Get Alert
Please Wait... Processing your request... Please Wait.
You must sign in to sign-up for alerts.

Please confirm that your email address is correct, so you can successfully receive this alert.

Special Articles   |    
Body dysmorphic disorder: the distress of imagined ugliness
Am J Psychiatry 1991;148:1138-1149.
text A A A
PDF of the full text article.

OBJECTIVE: Body dysmorphic disorder, a preoccupation with an imagined defect in physical appearance, has a rich tradition in European psychiatry but has been largely neglected in the United States. Because this little-known disorder is probably more common than is generally realized and can have profound consequences, the author reviews its history, clinical features, and possible relationship to other psychiatric disorders. DATA COLLECTION: Data sources consisted of the MEDLINE database and relevant references in articles obtained from this search. Of 145 articles and books obtained, 100 were selected for inclusion in this review on the basis of how closely they conformed to the concept of body dysmorphic disorder as defined in DSM-III-R and how substantially they contributed to an understanding of the disorder's history, clinical features, or nosologic status. FINDINGS: Body dysmorphic disorder has been colorfully described in the European literature for more than a century. Although its concerns might sound trivial, this disorder can lead to social isolation (including being housebound), occupational dysfunction, unnecessary cosmetic surgery, and suicide. The most commonly associated psychiatric disorder appears to be depression. Although a definitive treatment does not exist, preliminary evidence suggests that serotonergic antidepressant medications may be useful. Whether body dysmorphic disorder is related to other psychiatric disorders, such as psychosis, mood disorder, social phobia, or obsessive-compulsive disorder, is unclear at this time. CONCLUSIONS: More research on the nosology, clinical features, and treatment response of body dysmorphic disorder is important, given the distress and impairment this often secret disorder can cause.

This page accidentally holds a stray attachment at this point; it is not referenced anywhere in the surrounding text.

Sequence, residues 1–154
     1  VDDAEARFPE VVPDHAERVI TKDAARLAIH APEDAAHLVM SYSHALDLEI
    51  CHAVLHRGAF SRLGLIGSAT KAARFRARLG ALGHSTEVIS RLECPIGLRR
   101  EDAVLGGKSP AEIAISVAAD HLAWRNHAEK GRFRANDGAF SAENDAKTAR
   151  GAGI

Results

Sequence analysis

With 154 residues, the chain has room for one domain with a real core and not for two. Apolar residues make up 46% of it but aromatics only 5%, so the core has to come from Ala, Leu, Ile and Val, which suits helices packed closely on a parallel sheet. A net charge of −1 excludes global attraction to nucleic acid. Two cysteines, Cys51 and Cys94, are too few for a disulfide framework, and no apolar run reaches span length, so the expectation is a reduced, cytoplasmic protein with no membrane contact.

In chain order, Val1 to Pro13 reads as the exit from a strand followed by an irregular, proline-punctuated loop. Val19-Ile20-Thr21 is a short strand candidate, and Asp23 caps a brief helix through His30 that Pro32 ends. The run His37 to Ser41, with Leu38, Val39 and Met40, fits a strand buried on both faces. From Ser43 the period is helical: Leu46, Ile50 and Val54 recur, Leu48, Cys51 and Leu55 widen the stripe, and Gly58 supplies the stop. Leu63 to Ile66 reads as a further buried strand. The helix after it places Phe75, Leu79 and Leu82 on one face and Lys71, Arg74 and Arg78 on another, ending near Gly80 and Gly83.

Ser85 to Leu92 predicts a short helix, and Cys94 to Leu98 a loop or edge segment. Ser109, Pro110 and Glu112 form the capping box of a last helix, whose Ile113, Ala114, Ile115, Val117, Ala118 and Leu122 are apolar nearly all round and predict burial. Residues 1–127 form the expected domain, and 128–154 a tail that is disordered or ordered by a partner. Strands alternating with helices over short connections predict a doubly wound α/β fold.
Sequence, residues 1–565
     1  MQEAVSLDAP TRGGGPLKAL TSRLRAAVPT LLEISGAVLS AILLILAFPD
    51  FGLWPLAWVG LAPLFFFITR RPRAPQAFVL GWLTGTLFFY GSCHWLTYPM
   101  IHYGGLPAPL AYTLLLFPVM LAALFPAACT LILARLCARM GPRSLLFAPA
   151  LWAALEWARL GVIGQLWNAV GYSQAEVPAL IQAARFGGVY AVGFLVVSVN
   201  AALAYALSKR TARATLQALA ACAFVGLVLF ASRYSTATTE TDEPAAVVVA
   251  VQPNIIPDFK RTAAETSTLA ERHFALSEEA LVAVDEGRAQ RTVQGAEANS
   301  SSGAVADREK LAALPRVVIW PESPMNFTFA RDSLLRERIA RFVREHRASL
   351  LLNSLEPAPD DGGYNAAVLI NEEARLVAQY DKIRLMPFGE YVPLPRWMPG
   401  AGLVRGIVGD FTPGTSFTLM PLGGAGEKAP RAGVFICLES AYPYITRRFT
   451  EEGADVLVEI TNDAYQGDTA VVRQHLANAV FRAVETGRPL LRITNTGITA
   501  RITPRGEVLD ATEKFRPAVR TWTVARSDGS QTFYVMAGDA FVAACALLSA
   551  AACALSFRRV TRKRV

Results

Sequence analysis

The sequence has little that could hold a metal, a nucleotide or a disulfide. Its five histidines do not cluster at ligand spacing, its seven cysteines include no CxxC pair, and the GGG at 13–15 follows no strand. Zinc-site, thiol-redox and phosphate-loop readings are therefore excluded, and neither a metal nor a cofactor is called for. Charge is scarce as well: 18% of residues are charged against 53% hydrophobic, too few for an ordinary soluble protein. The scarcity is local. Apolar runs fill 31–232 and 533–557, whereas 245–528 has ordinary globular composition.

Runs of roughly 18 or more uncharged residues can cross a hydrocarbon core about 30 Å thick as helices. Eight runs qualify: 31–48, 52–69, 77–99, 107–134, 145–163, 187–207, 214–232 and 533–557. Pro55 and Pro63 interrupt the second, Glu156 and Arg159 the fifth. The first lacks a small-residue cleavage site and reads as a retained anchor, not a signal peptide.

Abstract Teaser
Figures in this Article

Your Session has timed out. Please sign back in to continue.
Sign In Your Session has timed out. Please sign back in to continue.
Sign In to Access Full Content
Sign in via Athens (What is this?)
Athens is a service for single sign-on which enables access to all of an institution's subscriptions on- or off-site.
Not a subscriber?

Subscribe Now/Learn More

PsychiatryOnline subscription options offer access to the DSM-5 library, books, journals, CME, and patient resources. This all-in-one virtual library provides psychiatrists and mental health professionals with key resources for diagnosis, treatment, research, and professional development.

Need more help? PsychiatryOnline Customer Service may be reached by emailing PsychiatryOnline@psych.org or by calling 800-368-5777 (in the U.S.) or 703-907-7322 (outside the U.S.).




CME Activity

There is currently no quiz available for this resource. Please click here to go to the CME page to find another.
Submit a Comments
Please read the other comments before you post yours. Contributors must reveal any conflict of interest.
Comments are moderated and will appear on the site at the discertion of APA editorial staff.

* = Required Field
(if multiple authors, separate names by comma)
Example: John Doe

Web of Science® Times Cited: 240

Related Content
Manual of Clinical Psychopharmacology, 7th Edition > Chapter 1.  >
The American Psychiatric Publishing Textbook of Psychiatry, 5th Edition > Chapter 13.  >
Gabbard's Treatments of Psychiatric Disorders, 4th Edition > Chapter 39.  >
Gabbard's Treatments of Psychiatric Disorders, 4th Edition > Chapter 39.  >
Gabbard's Treatments of Psychiatric Disorders, 4th Edition > Chapter 39.  >
Topic Collections
Psychiatric News
PubMed Articles